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Student Article - The Joint Tenancy Agreement Trap
Author: Thomas Siddons
I was looking for a convenient and affordable place to live after I got back from my Year Abroad in Montpellier, France, for the academic year 2006/7 when an old Second Year housemate of mine offered me a room in his shared house on Kensington Terrace, in the Hyde Park area of Leeds.

I was happy enough with the rent price, the proximity to uni, the area, the room size, and the other housemates, so I paid my deposit to secure the room after signing the contract at the letting agency.

Now, I'm sure you've heard it said many times before: "read the small print" - this should have been echoing through my mind, but as I was a little rushed I just went ahead with dropping my signature on the harmless-looking paper put in front of me.

Unfortunately, I had signed a contract which fell under the Joint Tenancy Agreement, assuming that AS A HOUSE we would be jointly liable for any damages to the house or otherwise.

Only a few weeks after I had moved in, I learned that the previous occupant of my room, a certain "Ali", who had been acting very antisocially throughout his tenancy, had quit his university course, damaged his room, and terminated his contract early.

When I then demanded our letting agency to take care of certain repairs to the house that needed to be done, they replied that they would not fix the house until the outstanding damages were paid. As I had not even been living with Ali during that time, I saw no reason for me to suffer for his wrongdoings; as I put increased pressure on our agency they finally made the necessary repairs.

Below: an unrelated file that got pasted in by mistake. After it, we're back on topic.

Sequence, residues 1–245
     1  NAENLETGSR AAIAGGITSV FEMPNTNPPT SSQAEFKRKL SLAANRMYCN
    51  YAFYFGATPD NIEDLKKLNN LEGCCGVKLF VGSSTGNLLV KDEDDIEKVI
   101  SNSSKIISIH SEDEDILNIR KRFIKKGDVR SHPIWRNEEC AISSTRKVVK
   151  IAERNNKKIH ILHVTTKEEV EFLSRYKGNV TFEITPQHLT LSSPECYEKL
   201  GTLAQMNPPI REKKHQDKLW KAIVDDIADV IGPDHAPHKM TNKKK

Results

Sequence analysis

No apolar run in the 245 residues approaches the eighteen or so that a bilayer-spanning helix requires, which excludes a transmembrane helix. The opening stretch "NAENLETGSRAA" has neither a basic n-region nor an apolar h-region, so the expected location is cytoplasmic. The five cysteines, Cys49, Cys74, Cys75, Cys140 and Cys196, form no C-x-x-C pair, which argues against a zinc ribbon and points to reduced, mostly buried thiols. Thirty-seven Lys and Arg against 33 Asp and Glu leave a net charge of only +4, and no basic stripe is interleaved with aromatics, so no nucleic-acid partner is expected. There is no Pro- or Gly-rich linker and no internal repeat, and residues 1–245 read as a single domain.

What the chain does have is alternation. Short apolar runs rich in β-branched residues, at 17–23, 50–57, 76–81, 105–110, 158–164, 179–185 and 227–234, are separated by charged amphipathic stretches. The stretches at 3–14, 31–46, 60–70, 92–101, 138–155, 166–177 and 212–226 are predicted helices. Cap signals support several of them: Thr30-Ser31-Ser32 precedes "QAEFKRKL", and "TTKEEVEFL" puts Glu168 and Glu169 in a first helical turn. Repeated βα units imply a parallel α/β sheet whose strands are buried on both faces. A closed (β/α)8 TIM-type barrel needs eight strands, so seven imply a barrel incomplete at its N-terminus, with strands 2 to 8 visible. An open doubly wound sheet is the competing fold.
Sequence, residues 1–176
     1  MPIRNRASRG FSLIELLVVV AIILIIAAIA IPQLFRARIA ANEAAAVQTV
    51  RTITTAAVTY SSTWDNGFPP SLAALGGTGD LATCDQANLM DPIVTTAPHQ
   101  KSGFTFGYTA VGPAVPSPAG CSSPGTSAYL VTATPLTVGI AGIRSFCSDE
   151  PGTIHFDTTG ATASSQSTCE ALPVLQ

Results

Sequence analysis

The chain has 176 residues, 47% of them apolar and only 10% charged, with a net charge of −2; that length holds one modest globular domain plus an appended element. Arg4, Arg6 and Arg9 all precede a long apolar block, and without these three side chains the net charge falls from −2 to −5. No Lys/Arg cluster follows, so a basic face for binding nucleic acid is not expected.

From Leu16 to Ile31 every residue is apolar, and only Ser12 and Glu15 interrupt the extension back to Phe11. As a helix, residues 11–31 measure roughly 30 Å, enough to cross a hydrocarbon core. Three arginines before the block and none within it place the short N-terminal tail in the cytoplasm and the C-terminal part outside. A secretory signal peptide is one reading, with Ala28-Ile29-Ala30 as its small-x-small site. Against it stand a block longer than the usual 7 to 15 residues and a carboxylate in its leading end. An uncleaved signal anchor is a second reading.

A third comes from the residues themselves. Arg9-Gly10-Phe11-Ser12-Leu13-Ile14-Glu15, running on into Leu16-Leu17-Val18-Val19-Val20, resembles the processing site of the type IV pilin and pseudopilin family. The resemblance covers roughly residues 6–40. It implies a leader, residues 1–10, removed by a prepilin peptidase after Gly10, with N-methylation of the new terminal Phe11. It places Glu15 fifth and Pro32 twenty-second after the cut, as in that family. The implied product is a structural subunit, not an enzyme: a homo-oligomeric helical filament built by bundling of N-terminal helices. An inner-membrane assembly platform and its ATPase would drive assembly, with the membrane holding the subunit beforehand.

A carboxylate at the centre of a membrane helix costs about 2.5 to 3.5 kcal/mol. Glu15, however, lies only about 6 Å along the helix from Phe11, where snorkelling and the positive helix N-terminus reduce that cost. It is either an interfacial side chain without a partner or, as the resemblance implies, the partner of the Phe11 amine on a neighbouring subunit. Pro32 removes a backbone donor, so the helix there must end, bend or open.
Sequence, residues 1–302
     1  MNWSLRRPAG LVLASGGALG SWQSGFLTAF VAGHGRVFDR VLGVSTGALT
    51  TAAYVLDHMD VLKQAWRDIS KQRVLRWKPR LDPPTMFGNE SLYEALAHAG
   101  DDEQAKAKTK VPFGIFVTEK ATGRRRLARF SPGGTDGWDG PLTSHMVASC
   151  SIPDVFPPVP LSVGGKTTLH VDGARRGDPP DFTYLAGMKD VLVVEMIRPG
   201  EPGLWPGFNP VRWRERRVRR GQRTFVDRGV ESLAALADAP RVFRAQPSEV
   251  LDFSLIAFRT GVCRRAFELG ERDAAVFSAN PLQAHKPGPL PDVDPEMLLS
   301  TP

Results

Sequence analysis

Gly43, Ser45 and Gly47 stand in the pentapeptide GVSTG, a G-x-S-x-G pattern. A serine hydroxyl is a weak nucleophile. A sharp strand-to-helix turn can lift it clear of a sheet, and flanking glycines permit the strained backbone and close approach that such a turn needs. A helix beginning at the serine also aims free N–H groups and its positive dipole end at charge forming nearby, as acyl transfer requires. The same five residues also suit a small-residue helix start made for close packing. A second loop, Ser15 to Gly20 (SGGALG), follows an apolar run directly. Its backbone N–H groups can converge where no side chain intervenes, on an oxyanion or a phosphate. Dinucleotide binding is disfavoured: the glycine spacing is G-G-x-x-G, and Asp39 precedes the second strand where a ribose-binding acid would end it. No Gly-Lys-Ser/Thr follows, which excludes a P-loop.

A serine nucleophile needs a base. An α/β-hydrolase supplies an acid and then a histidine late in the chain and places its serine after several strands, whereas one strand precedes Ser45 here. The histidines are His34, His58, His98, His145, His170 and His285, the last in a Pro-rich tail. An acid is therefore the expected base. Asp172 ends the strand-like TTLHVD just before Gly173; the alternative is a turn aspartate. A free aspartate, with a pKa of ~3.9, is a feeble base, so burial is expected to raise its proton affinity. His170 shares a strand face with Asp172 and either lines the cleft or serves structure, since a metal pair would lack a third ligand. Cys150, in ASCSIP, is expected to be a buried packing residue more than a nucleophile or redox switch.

About a month into my contract I noticed that there were substantial damages to the room, Ali's doing, for whom I did not want to be held responsible. I also made this clear to our agency, even though I never got a written confirmation thereof.

As it turns out, Ali was unable to pay the outstanding sum he owed the landlord, and when his parents were unwilling to bail him out, they both came up with a story that went along the lines of: "Ali suffered ill health, including respiratory diseases, as a result of the state of disrepair of the house, such as the dust levels on the staircase rug being dangerously high and the untidiness of the house causing bacterial disease".
As an objective observer, I wouldn't say the house was particularly clean, but I could certainly not have gone along with the claim that there was an imminent health risk to the tenants, either.

And so, as the letting agency asked us, as a house, to confirm this in writing in order to increase the legal pressure on Ali's parents to pay up, all the housemates agreed to do so. This was roughly 3 months into my nine-months tenancy agreement.

Six months later, when I was getting ready to leave the house, the letting agency still hadn't received any payment from Ali's family (they had used this against us whenever possible), but I didn't think much of it as I was leaving the house. I had never signed a Joint Tenancy Agreement with Ali, so wouldn't have to pay for his failure to do so... theoretically!

In keeping with their management methods, neither of us has received their deposit back from the letting agents, even though we got a cleaner to make sure the house was in an excellent condition when we left.

The reason? Apparently we hadn't paid up our last utility bill, even though the bill was dated after the end of our contract... So we got together (by phone), about 15 MONTHS after our contract in Leeds had ended, and managed to pay our share of the electricity bill (unjustly addressed to us) in individual installments. This was made particularly difficult by the fact that we had to wait 24 hours for the next person to be able to pay because of some glitch in the electronic payment system.

PHHEEEUUUUWWWWW!!!!!! We thought this was the moment of truth that we had been waiting for, were we would be paid back our deposits. How foolish of us!
Today, 29th August 2008, none of us has received a single penny of our deposit back - and all because of one person who wasn't even in the house... Can you guess who that might be?
Yes, it is... ALI! 22 MONTHS after our contract expired they are still using Ali as a lever to deny us of our rightful deposit.

SO BEWARE, STUDENTS... DON'T EVER SIGN A JOINT TENANCY AGREEMENT WITH SOMEONE THAT YOU DON'T FULLY KNOW AND/OR TRUST... AND, CHECK FOR ANY CONTRACT GHOSTS THAT MIGHT COME TO HAUNT YOU, EVEN IF YOU'VE NEVER SEEN THEM BEFORE IN YOUR HOUSE DURING THEIR LIFETIME.

 

 
 
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